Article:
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Social Security May Step Up Facebook, Instagram Checks in Disability Fraud Probes

Social media feeds are used already, but selectively

Senior woman using Internet to look at this photographers business page on Facebook social media website webpage on a home computer.

Realimage / Alamy Stock Photo

En español | Throwing a frisbee, casting a fishing line or running a marathon can seem like harmless, healthy fun. But physical activity could lead to headaches if you’re applying for Social Security disability benefits and your activity shows up on Facebook or Instagram. It could also lead to denial of disability benefits.

Is it fair for the government to comb through your social media? On the other hand, is it fair that you’re applying for benefits if you can do these activities? And where does your privacy begin and end as you share your life online?

These are all questions the Social Security Administration is weighing, as Acting Social Security Commissioner Nancy A. Berryhill has told Congress in written explanations over the last week. The disclosures were included in the agency’s description of its budget request and plans for next year.

Facebook and other social media feeds are already reviewed selectively if agency investigators suspect someone is fraudulently collecting benefits and they are looking for corroboration, the agency said in the documents it gave to lawmakers. But the Social Security Administration is still deciding on reviewing applicants’ social media feeds more regularly or routinely.

The agency is “evaluating how social media could be used by disability adjudicators in assessing the consistency and supportability of evidence in a claimant’s case file,” Berryhill said in the submission to Congress.

The idea has drawn praise as well as criticism — praise because more attention to people's social media could cut down on fraud, some say.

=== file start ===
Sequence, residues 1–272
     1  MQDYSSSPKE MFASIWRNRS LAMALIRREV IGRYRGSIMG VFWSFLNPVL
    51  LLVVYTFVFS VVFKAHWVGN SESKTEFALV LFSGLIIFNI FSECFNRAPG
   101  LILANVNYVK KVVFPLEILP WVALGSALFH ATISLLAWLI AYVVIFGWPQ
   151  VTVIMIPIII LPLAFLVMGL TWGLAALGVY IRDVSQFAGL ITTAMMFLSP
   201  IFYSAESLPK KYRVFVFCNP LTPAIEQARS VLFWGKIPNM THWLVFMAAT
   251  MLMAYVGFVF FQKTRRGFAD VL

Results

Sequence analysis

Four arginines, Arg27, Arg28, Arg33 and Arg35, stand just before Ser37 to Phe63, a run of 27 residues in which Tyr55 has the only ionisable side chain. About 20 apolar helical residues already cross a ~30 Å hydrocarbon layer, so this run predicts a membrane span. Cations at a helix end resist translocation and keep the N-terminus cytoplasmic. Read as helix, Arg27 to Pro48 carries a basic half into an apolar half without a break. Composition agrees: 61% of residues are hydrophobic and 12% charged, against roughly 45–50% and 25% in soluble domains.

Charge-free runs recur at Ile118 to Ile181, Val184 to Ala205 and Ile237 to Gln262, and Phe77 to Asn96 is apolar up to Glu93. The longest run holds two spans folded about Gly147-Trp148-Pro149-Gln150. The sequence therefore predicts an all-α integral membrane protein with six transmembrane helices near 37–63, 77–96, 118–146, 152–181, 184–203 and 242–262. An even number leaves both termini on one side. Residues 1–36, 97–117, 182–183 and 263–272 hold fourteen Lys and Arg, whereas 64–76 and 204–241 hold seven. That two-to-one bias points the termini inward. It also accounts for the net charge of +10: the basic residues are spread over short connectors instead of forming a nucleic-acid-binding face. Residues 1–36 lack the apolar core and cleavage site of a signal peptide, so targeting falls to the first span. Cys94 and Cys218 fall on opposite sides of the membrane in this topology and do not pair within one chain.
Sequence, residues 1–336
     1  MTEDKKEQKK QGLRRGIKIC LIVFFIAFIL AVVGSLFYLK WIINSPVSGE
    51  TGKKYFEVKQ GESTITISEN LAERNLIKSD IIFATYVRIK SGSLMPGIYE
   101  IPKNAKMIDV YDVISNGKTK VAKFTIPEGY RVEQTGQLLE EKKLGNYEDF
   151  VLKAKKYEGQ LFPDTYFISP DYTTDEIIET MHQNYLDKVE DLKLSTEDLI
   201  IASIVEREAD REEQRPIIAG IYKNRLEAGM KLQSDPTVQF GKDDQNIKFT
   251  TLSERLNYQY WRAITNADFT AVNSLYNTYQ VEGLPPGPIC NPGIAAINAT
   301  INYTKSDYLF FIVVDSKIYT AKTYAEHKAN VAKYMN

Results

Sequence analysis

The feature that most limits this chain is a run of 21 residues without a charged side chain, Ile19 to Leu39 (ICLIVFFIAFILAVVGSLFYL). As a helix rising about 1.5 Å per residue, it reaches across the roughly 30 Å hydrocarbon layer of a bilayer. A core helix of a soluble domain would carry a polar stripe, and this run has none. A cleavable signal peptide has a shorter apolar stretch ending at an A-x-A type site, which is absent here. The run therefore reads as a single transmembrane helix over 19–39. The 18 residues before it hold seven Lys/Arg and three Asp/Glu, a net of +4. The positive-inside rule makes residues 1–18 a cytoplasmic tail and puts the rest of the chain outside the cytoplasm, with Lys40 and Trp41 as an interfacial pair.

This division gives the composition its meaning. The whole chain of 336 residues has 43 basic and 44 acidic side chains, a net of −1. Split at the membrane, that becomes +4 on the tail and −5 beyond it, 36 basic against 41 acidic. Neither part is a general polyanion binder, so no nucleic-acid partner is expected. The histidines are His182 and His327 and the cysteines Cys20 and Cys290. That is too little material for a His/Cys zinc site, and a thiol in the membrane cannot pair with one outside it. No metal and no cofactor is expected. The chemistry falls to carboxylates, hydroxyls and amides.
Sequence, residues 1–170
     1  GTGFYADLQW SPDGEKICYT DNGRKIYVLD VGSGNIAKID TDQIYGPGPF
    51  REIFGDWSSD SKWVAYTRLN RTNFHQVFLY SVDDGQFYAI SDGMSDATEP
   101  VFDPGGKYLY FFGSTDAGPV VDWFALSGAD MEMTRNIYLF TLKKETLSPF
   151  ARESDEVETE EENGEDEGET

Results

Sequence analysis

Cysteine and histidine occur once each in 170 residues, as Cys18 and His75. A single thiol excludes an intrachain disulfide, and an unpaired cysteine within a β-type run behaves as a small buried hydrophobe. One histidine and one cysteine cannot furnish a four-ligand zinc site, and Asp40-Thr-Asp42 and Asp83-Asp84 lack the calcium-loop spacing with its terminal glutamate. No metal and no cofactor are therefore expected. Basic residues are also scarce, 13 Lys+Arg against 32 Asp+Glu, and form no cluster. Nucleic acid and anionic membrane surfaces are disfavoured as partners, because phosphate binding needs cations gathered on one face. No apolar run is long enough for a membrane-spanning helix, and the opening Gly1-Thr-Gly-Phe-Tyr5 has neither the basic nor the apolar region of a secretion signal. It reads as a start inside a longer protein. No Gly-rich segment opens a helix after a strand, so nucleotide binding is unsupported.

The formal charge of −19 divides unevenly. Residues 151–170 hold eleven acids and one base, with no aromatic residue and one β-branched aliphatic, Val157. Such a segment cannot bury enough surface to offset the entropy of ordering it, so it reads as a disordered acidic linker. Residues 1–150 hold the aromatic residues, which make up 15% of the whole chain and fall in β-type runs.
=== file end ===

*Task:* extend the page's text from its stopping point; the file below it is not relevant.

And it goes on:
“Social media can provide valuable evidence to support or deny individuals’ disability claims,” Rachel Greszler, a research fellow at the Heritage Foundation, a conservative Washington think tank, wrote last year. “For example, a disability claimant may say that she is unable to leave her home, while her social media pictures show her out and about regularly.”

But some advocates for applicants seeking benefits say social media posts may not be an accurate measure of a person’s lifestyle, since users usually only share content they want their peers to view favorably. Someone may not want to upload a picture or video that shares how he or she deals with a disability on a daily basis.

Social media reviews could also delay the time it takes for applicants who are already out of work to be approved.

“This proposal starts with the discriminatory assumption that people with disabilities do nothing socially in the community, or have lives, so that anything the person does on social media can be classified as some form of fraud,” said Eric Buehlmann, deputy executive director of public policy at the National Disability Rights Network, a nonprofit membership advocacy group. He told AARP that methods to detect fraud already exist.

If the Social Security Administration “is interested in rooting out fraud,” Beuhlmann said, “spying on people's social media accounts is not the way to do it.”

The Social Security Administration said that in December, 8.5 million people of all ages received a total of $10.5 billion in disability benefits, with an average monthly sum of $1,234. It said 68 percent of the private-sector workforce has no long-term disability insurance.

The risk of disability rises with age, and people are twice as likely to collect disability benefits at age 50 as at age 40 — and twice as likely at age 60 compared to age 50, according to the Center on Budget and Policy Priorities, a liberal Washington think tank.    

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